Wis. Man Gets Jail Time For Cudahy Plant Fire

MILWAUKEE (AP) -- Two brothers convicted of firing a military flare that sparked a meatpacking plant fire the day after Independence Day in suburban Milwaukee will celebrate the next three Fourth of Julys in jail to remind them of their crimes.

Kurtis J. Popp, 25, of Milwaukee, was sentenced Monday to 90 days in a local jail, which must be served for 30 days each July for the next three years. He also received three years probation and 500 hours of community service. Joshua J. Popp, 23, got the same sentence earlier this month.

As felons, the brothers are barred from owning firearms and Milwaukee County Circuit Judge Dennis Cimpl made a point during Joshua Popp's sentencing Oct. 8 to say the order included fireworks such as M-80 firecrackers and sparklers. But he didn't mention it during Kurtis Popp's sentencing Monday. A message left at Cimpl's office later Monday to clarify was not immediately returned.

During Joshua Popp's sentencing, Cimpl said he wanted him to serve the time in July because he committed the crime in celebration of the Fourth of July.

Kurtis Popp, who along with his brother pleaded guilty to second-degree recklessly endangering safety in a plea agreement, apologized Monday. He told Cimpl he was thankful no one was hurt and he promised he'd never be in criminal court again.

"I can tell you that since this incident, there hasn't been a day that has gone by where I haven't thought about what occurred and regretted what I done," Popp said. "I've wanted to tell people how sorry I am for causing all this but I just didn't know what I would say to make people feel better."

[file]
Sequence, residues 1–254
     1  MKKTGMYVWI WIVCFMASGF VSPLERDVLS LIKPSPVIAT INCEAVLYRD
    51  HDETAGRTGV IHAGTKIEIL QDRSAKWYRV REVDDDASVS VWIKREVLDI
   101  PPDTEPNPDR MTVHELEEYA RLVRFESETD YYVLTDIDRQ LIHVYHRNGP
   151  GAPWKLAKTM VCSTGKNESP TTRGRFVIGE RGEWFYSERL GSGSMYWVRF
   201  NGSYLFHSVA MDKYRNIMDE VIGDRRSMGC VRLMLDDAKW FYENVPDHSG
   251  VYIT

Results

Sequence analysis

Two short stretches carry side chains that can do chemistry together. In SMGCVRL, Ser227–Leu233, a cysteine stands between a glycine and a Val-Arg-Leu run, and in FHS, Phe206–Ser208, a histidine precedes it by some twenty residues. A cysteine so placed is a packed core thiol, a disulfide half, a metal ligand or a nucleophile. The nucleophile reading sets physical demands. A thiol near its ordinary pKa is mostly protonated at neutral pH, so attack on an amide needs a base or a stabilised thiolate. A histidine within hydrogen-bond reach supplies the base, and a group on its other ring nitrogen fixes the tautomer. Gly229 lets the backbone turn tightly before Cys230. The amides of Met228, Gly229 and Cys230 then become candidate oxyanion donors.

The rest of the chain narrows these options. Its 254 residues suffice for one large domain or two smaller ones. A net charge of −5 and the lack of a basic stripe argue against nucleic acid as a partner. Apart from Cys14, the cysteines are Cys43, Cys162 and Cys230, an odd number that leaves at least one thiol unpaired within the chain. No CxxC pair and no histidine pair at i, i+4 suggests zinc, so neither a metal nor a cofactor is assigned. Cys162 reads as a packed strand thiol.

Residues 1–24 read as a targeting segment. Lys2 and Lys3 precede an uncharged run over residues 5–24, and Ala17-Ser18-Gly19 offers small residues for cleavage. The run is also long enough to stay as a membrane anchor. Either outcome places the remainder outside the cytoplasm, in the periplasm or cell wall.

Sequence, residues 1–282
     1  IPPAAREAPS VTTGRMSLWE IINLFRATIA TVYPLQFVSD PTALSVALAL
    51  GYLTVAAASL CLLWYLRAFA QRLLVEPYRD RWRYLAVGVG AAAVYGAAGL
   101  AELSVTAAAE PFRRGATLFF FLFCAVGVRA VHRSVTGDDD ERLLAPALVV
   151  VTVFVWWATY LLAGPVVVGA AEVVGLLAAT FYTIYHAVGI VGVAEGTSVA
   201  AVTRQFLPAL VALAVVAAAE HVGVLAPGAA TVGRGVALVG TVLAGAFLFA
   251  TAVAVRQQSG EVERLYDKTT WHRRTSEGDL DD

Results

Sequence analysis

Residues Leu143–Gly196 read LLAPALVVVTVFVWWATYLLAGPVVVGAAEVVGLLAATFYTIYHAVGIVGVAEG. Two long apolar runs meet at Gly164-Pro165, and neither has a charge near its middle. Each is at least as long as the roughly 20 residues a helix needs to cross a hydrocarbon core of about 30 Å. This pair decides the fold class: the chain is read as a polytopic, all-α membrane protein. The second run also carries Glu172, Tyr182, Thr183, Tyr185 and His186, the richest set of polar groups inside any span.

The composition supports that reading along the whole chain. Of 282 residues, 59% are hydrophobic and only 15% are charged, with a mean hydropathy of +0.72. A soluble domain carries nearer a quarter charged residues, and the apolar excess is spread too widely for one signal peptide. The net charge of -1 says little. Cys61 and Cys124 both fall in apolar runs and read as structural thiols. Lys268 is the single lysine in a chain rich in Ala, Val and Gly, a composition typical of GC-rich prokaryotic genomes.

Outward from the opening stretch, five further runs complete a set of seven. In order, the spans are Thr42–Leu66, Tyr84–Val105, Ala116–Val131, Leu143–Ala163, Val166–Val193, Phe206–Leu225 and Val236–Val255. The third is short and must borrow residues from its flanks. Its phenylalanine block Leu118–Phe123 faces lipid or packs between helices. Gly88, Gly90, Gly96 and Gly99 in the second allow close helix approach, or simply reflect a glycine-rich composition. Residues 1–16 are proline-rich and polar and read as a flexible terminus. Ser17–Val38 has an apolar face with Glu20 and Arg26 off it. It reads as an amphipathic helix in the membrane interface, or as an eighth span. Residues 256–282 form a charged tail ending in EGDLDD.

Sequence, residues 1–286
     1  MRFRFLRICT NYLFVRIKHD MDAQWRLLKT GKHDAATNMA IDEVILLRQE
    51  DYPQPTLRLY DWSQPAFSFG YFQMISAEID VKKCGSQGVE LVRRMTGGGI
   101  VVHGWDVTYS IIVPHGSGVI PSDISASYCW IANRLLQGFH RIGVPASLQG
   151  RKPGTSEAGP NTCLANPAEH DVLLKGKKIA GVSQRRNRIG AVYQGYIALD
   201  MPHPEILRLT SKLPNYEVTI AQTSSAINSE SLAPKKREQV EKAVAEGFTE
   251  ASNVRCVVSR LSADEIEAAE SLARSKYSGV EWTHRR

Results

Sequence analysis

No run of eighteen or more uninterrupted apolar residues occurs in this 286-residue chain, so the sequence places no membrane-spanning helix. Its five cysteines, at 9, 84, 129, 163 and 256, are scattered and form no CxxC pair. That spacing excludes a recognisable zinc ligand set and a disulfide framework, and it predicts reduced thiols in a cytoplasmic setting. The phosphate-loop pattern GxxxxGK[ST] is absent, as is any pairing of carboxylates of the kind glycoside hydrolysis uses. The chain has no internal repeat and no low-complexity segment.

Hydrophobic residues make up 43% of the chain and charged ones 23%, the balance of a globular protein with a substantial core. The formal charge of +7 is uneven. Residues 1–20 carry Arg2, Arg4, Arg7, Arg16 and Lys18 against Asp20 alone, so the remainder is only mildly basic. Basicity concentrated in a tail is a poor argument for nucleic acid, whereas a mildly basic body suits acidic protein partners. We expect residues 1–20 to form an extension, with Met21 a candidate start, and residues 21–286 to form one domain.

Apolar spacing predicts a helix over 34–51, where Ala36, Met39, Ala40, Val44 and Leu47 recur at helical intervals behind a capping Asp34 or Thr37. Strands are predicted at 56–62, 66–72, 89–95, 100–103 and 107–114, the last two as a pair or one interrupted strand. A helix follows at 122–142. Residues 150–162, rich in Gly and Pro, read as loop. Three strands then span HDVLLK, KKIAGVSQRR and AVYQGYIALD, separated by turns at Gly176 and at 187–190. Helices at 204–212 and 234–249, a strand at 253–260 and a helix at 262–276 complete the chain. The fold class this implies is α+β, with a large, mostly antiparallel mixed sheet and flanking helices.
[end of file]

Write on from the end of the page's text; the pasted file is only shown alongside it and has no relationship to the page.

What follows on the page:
Joshua Popp, who served two tours in Iraq and earned a Purple Heart, acquired the flare about two years ago when he was in the U.S. Marine Corps. He let his brother fire it July 5, and it landed on the roof of a building at the Patrick Cudahy Inc. plant in Cudahy.

Because it was a holiday weekend, only 10 people were in the plant, which is owned by Smithfield Foods Inc. The fire burned for days and destroyed four buildings. Thousands of residents were evacuated from the area.

Kurtis Popp's attorney, Julius Kim, argued Monday that Kurtis Popp deserved leniency because he lacked his brother's knowledge of the flare's firepower. But the Cimpl disagreed and said Kurtis Popp otherwise seemed intelligent and knew he didn't have the training to launch the flare and it was dangerous.

"What you're being sentenced for is for being stupid," Cimpl said.

The men could have faced 10 years in prison and a fine of up $25,000 but under their plea agreements Chief Deputy District Attorney Kent Lovern said he recommended they serve time in a local jail, three years probation and community service and if they violated the sentence they would go to prison.

Lovern told the judge Monday previous damage estimates of $50 million were conservative. He said the company didn't want to be part of the criminal case and did not request restitution. A message left for a Smithfield Foods spokesman seeking comment was not immediately returned Monday evening.

Patrick Cudahy's last public statement, issued Sept. 4, said it wouldn't comment on the damage or its losses and expected the evaluation process to continue for several months.

Lovern said Kurtis Popp may not have known what the flare could do, but it was still a thoughtless act. He compared it to someone being handed a military machine gun and firing it and saying later they weren't aware it fired an automatic stream of bullets.

"To me it is still aggravating enough that a person would take something used in combat, something used on a battlefield potentially and use it in a residential neighborhood," Lovern said. "... That in and of itself underscores the level of recklessness on the part of Kurtis."

Lovern and Kim both later said they thought the sentence was fair. Kurtis Popp wouldn't comment outside of court Monday.

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